Summer is officially on it’s way here in the wine country. We had a couple of days of scorching heat last week, and are due for a few more hot ones in the coming days as well. The heat makes my tummy think of barbecuing, cole slaw, potato salad, and fruits and veggies at their finest. Summer eating is the greatest!
At the store the other day, peaches were on sale for a decent price. These aren’t local peaches, but because they were grown within 500 miles of here and their intoxicating perfume mesmerized me, I picked out the best of them and in to the cart they went. Stone fruits are my very favorite part of summer produce. It’s still a little early, but there was no talking myself out of them once I had a whiff!
I considered making a pie, bellinis, an upside down cake, but I really didn’t want to cook them, and we had nary a bottle of bubbles in the house to make with the cocktails (for shame!). What to make, what to make? And then it hit me: ice cream. Wait, better yet, ice cream sandwiches.
My mom makes legendary ice cream sandwiches, with all kinds of combinations of homemade cookies and the finest ice creams money can buy. We are big ice cream people in our family; my dad and I almost always had a scoop after dinner when I was a kid. My brother still requests ice cream sandwiches for his birthday dessert every year, both to eat that evening and a handful to take home and not share with anyone. I can’t say I blame him.
I settled on butterscotch chip cookies to go with my peach ice cream, and wished quietly that I hadn’t finished off the container of Trader Joe’s Praline Pecans (have you had these things? If not go buy some, like, now). They would have been the best most tasty business to finely chop and roll the exposed edges of the sandwiches in. My cookie recipe was the one off the back of the bag, which I of course already tossed in the recycle so I can’t give you the exact one, but it was really similar to this recipe. Simply omit the white sugar, and use a bag of butterscotch chips for the chocolate ones. Easy peasy. When baking your cookies, though, try to get them as symmetrical as possible, for easier pairing and sandwich assembly. I use a #3 scoop.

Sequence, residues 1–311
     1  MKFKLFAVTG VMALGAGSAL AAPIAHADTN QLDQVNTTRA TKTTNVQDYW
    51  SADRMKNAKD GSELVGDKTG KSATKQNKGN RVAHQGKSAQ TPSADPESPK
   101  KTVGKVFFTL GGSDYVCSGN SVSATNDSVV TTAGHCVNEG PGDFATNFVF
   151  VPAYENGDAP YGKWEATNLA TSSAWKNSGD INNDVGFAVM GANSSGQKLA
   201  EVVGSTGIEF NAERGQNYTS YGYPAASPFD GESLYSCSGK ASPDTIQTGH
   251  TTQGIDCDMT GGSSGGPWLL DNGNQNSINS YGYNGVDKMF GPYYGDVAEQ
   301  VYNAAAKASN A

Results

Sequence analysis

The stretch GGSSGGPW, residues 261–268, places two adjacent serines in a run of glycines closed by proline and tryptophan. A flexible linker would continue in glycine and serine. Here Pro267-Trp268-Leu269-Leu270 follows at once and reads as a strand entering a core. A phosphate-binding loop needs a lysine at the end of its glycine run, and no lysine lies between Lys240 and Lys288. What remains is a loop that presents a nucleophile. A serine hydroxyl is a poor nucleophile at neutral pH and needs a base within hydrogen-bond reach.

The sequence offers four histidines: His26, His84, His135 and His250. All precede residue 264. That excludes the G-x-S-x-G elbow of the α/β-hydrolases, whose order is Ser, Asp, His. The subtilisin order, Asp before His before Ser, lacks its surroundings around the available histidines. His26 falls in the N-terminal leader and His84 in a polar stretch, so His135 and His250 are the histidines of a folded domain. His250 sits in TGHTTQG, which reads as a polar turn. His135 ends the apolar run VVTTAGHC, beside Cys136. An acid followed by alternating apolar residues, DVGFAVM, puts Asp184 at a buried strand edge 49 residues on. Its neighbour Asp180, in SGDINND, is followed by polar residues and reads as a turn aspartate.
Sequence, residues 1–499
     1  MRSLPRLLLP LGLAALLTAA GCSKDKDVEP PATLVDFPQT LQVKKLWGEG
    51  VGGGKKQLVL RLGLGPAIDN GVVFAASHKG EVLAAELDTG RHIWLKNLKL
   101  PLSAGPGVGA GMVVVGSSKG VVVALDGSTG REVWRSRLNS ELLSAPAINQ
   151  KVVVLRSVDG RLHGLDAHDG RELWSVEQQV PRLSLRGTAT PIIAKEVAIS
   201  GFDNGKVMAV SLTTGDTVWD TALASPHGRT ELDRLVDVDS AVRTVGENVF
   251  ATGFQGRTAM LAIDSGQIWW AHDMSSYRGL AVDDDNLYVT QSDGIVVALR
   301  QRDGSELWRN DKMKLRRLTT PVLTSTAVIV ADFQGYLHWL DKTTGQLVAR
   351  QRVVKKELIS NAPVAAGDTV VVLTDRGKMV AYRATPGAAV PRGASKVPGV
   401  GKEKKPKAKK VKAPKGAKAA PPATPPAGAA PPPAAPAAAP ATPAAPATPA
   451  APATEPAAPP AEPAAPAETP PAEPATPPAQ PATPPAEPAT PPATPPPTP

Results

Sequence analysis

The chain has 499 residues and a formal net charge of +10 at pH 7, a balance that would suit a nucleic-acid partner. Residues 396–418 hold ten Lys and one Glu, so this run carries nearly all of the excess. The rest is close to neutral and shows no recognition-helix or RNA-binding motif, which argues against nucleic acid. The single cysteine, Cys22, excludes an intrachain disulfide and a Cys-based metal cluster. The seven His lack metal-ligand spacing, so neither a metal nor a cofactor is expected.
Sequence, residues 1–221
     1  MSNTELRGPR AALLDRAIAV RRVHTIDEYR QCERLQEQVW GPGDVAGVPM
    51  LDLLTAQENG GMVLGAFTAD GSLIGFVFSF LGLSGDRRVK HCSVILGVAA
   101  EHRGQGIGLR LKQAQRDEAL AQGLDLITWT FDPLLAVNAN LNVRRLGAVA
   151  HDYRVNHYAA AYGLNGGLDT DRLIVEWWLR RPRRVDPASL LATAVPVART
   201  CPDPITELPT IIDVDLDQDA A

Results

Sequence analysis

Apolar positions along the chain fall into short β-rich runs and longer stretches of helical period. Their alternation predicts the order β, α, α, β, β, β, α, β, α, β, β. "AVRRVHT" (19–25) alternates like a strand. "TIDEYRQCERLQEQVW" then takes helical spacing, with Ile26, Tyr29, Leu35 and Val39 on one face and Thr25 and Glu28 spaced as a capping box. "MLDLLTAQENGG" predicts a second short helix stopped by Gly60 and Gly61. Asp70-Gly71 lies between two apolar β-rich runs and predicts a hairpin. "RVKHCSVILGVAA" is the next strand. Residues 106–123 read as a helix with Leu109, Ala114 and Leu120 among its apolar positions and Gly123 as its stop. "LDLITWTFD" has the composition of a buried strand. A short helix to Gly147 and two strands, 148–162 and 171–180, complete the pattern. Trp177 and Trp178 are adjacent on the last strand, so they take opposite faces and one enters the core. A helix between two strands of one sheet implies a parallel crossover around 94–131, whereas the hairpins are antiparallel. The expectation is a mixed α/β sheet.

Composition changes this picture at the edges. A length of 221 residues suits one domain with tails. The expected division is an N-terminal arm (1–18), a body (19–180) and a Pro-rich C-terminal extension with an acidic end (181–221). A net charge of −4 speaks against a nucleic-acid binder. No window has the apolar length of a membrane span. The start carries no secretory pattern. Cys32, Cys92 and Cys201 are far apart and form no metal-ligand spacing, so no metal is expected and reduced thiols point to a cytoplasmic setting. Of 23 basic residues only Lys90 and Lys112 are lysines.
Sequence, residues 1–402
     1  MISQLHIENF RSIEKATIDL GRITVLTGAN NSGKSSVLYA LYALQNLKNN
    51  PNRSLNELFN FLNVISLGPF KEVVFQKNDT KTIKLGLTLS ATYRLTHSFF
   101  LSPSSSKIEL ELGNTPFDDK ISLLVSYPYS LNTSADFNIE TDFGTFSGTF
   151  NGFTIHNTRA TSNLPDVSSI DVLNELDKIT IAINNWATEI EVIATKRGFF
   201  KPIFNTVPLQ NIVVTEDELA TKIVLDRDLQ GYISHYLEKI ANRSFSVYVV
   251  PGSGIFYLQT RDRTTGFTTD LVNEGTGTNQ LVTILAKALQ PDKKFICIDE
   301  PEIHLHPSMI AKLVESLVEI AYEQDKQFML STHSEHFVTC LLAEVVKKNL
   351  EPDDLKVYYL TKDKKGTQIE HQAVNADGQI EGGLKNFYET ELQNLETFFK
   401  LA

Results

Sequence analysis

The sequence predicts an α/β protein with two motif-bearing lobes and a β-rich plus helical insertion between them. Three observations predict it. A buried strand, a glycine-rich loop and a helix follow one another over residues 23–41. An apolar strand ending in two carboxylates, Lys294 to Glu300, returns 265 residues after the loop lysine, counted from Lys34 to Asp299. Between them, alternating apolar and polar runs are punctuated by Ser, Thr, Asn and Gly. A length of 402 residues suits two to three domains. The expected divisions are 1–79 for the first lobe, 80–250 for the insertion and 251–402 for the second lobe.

For our ritualistic ice cream makings, we use a Donvier ice cream maker with great results, as I haven’t broken down and bought the ice cream maker attachment for my mixer. We like this one because it’s quiet, does the job well, and is very, very little work. And without further ado, here’s the ice cream recipe. I’m a lazy kid and try to avoid making a custard base for my ice cream at just about any cost (tempering eggs frightens me), but if you have a favorite recipe please feel free to use it. In a pinch, buy some highest quality peach ice cream or gelato from your neighborhood purveyor.
No-Cook Peach Ice Cream
Adapted from Southern Living
1 14 oz. can of sweetened condensed milk (I used fat free)
1 5 oz. can of evaporated milk (again, fat free)
1 1/4 c. half and half*
4 medium sized peaches, peeled and sliced
1/4 c. lemon juice
2 T. sugar
1/4 t. salt
3/4 c. peach nectar
1 t. vanilla extract
2 T. bourbon (optional)
In a large pitcher or mixing bowl, combine the condensed milk, evaporated milk, and half and half. Place in the fridge for at least 30 minutes to chill.
Combine peaches, lemon juice, sugar and salt in a food processor, whiz a couple of times until the mixture is broken into chunks, but not completely pureed. Stir this mixture and the peach nectar into the cold milk mixture, and process in your ice cream maker according to the manufacturer’s directions. Remove from ice cream maker to a small freezer container, and freeze for 1 to 2 hours until firm.
* I have a method to my madness here with my half and half. I used fat free condensed and evaporated milks to cut calories and fat, but used full-fat half and half in the mixture for mouth feel and in the past have even used heavy cream (which of course is the most creamy and the most fattening). When I made the recipe in the past with regular whole milk and the full fat condensed/evap milks, it got really icy and didn’t have that true creamy consistency. After tinkering around I found that the half and half really helps to keep it creamy and luscious, but it is still a little more icy than a full-fat ice cream base. Oh! And the bourbon? That keeps the ice cream from getting too hard in the freezer. This is completely optional, of course, if you’re making this for kiddies or simply don’t want the alcohol in there, simply leave it out.
When you assemble your sandwiches, go ahead and pair up your cookies first so they all have nicely matching mates. Inevitably there are a couple of crooked ones that fit better together than with other cookies, thus making your batch more uniform. When all of your cookies are paired, plop a fat scoop (don’t be shy here) of the ice cream in the middle of one of the cookies, and smoosh it’s top on. Press down to stick them together, but not too hard so the ice cream doesn’t goosh out everywhere. Wrap each in a wax paper bag or plastic wrap sheet, and freeze for at least an hour prior to serving.
And here are the sandwiches, fully assembled. Maybe I’ll call up my brother and share with him.